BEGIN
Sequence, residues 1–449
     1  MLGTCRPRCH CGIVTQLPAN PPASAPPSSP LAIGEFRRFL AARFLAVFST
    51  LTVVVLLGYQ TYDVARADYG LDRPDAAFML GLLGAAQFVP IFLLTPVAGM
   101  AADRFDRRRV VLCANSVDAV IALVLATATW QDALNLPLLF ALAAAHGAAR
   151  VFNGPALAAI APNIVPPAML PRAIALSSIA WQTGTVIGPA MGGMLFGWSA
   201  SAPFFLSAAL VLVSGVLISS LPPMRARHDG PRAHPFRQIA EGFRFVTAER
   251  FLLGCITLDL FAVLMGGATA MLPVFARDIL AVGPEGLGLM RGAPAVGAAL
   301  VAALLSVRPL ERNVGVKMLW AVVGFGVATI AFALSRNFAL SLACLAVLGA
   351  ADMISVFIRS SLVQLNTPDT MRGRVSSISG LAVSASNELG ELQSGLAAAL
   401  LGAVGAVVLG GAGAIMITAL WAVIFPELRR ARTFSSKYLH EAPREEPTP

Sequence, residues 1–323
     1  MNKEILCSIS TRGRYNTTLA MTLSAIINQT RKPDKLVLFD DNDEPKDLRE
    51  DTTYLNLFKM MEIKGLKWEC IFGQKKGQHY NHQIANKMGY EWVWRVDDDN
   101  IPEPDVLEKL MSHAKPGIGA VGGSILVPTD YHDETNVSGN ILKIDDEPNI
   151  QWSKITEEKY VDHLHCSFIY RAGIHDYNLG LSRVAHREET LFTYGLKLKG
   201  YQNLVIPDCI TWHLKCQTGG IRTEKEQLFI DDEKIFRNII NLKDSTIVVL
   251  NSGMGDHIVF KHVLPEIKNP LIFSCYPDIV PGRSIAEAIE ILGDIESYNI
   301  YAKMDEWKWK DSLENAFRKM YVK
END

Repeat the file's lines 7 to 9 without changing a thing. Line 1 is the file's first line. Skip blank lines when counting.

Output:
   251  FLLGCITLDL FAVLMGGATA MLPVFARDIL AVGPEGLGLM RGAPAVGAAL
   301  VAALLSVRPL ERNVGVKMLW AVVGFGVATI AFALSRNFAL SLACLAVLGA
   351  ADMISVFIRS SLVQLNTPDT MRGRVSSISG LAVSASNELG ELQSGLAAAL